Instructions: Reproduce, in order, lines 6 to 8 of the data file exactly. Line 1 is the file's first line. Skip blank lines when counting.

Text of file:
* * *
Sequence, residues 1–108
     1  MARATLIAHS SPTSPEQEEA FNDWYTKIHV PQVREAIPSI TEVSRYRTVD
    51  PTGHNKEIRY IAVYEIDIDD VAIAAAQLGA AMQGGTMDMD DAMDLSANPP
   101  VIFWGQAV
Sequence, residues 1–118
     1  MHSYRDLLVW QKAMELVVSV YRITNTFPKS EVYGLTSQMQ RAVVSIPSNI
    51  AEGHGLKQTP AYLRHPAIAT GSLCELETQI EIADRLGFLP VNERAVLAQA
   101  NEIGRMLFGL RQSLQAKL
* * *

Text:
     1  MHSYRDLLVW QKAMELVVSV YRITNTFPKS EVYGLTSQMQ RAVVSIPSNI
    51  AEGHGLKQTP AYLRHPAIAT GSLCELETQI EIADRLGFLP VNERAVLAQA
   101  NEIGRMLFGL RQSLQAKL